A Chicago police officer will not be charged in the shooting of a 25-year-old black man who authorities said was armed with a gun as he ran away from officers, prosecutors announced Monday, the same day the U.S. Justice Department opened an investigation into patterns of racial disparity in the use of force by Chicago police.
The investigation, announced by U.S. Attorney General Loretta Lynch, comes nearly two weeks after the release of a video showing a white Chicago police officer shooting a black teenager 16 times.
The federal investigation, which is separate from an existing federal investigation into last year’s shooting death of 17-year-old Laquan McDonald, also will review how the department disciplines officers and handles misconduct accusations. Justice Department officials say they use such patterns-and-practices investigations to identify systemic failings in troubled police departments and to improve trust between police and the communities they serve.
“This mistrust from members of the community makes it more difficult to gain help within investigations, to encourage the victims and the witnesses of crime to speak up and to fulfill the most basic responsibilities of public safety officials,” Lynch said. “And when suspicion and hostility is allowed to fester, it can erupt into unrest.”
The civil rights probe follows recent ones in Baltimore and Ferguson, Missouri, and comes as the police department and Mayor Rahm Emanuel are under intense scrutiny over their handling of the Oct. 2014 death of McDonald. Officer Jason Van Dyke was charged with first-degree murder Nov. 24, more than a year after the killing and just hours before the release of police dashboard camera footage showing the officer shooting the teenager.
Also Monday, Cook County State’s Attorney Anita Alvarez said there would be no charges against Officer George Hernandez in the shooting of 25-year-old Ronald Johnson, whom authorities say pointed a gun at police before he was killed on Oct. 12, 2014.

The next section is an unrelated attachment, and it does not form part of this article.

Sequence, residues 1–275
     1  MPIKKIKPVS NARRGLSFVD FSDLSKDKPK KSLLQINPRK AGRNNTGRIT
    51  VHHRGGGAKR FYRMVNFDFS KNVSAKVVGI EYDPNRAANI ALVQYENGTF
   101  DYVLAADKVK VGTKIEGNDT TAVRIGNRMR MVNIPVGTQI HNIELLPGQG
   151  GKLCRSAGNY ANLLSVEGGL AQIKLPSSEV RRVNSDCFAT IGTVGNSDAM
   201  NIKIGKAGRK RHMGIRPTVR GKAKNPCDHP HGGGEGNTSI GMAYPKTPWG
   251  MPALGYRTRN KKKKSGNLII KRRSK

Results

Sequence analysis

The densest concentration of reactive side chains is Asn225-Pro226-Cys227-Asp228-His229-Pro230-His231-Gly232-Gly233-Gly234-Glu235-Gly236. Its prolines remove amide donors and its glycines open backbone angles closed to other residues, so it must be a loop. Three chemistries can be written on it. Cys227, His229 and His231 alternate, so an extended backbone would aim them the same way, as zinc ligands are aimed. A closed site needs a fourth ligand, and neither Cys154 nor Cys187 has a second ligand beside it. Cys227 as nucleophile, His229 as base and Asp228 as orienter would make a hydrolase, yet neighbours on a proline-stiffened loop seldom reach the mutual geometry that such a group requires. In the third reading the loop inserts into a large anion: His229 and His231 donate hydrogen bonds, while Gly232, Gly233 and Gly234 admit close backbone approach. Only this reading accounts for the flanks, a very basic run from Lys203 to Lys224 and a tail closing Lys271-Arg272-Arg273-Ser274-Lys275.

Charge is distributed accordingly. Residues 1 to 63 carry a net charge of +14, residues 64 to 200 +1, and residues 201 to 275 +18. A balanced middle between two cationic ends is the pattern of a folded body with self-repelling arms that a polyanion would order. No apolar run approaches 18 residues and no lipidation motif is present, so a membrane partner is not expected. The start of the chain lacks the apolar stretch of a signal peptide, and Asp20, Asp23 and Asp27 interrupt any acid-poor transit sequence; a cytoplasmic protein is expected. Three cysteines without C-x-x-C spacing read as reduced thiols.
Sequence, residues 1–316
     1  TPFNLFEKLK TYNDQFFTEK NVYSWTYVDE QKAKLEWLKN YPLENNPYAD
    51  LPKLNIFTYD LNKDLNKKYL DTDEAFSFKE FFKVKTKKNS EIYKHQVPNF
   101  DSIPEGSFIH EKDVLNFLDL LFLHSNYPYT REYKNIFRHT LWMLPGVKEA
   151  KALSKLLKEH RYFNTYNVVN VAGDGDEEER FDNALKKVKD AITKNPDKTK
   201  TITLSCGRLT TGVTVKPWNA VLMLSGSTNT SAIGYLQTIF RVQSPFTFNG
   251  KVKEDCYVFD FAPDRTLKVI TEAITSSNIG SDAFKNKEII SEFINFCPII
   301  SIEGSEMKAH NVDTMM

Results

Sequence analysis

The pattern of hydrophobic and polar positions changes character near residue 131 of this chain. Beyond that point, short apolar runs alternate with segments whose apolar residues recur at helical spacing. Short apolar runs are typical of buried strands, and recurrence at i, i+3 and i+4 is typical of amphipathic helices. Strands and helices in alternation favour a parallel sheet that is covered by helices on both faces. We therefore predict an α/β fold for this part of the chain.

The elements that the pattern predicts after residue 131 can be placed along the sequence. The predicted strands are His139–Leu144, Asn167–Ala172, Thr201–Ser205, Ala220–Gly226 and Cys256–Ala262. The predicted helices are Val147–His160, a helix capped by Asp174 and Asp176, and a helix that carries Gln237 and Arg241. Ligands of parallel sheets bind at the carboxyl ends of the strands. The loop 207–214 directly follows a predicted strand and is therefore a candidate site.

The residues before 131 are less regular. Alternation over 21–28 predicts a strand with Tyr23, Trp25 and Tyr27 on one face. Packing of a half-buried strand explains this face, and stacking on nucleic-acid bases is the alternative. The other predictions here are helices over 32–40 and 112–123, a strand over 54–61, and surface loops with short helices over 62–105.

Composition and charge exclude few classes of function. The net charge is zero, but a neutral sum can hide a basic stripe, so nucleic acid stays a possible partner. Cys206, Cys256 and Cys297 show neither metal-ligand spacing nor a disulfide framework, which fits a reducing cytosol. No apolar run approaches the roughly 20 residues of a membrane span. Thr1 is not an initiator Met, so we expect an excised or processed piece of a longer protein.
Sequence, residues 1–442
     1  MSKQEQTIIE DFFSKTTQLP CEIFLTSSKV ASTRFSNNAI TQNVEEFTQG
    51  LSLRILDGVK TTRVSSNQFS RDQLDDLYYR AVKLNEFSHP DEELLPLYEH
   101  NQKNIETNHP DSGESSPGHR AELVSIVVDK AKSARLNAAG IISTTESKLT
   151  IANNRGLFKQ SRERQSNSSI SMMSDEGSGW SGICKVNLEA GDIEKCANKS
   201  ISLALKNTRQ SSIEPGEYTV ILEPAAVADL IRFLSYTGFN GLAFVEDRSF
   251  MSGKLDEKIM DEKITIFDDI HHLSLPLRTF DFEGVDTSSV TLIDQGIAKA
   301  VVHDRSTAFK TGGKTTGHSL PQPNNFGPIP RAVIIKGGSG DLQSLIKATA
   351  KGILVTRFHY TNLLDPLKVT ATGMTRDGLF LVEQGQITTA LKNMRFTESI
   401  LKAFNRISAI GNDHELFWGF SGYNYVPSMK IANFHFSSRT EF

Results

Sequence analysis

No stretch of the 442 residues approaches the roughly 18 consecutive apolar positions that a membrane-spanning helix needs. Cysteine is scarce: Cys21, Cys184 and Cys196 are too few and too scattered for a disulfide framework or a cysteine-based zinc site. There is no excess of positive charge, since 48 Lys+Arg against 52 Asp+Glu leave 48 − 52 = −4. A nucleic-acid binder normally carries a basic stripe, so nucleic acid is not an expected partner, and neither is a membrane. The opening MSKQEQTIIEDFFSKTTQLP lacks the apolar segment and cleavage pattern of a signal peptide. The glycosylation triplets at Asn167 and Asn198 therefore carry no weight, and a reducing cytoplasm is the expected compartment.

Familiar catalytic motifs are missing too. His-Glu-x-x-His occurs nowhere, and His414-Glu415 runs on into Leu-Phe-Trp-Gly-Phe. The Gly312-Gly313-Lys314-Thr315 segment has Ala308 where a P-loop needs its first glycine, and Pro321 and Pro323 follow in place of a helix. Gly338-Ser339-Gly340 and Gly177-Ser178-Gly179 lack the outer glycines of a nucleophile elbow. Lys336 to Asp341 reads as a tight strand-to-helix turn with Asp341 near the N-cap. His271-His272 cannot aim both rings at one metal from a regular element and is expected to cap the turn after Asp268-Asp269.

Alvarez and Assistant State’s Attorney Lynn McCarthy spent more than 30 minutes detailing evidence before showing the video, which, similar to the McDonald case, has no dashcam audio; the state’s attorney’s office overlaid police radio communications. The video showed Johnson running from police across a street with several officers in pursuit. One officer shooting. Johnson is not on screen when he was struck by two bullets.
The video was also slowed down to show what McCarthy said was a gun in Johnson’s hand; prosecutors say a loaded weapon was found in his hand after he was killed. She also said Johnson “ignored” officers’ commands to stop and drop his weapon and had been in a physical altercation with at least one other officer before he was shot.
“We’re in different times right now when we’re talking about transparency and what the public wants to see,” Alvarez said after showing the video of the shooting. “I have pretty much opened the door here.”
When asked why there was no audio on this video and others, Alvarez said: “That’s a problem for the Chicago police department, and I think they need to answer to that. … Time and time again we look at these videos and there is not any audio.”
Alvarez has been criticized for not filing charges earlier in the McDonald case, in which the video shows the teen veering away from officers on a four-lane street when Van Dyke, seconds after exiting his squad car, opens fire from close range. The officer continues shooting after McDonald crumples to the ground and is barely moving.
The Chicago City Council signed off on a $5 million settlement with McDonald’s family even before the family filed a lawsuit, and city officials fought in court for months to keep the video from being released publicly. The city’s early efforts to suppress its release coincided with Emanuel’s re-election campaign, when the mayor was seeking African-American votes in a tight race.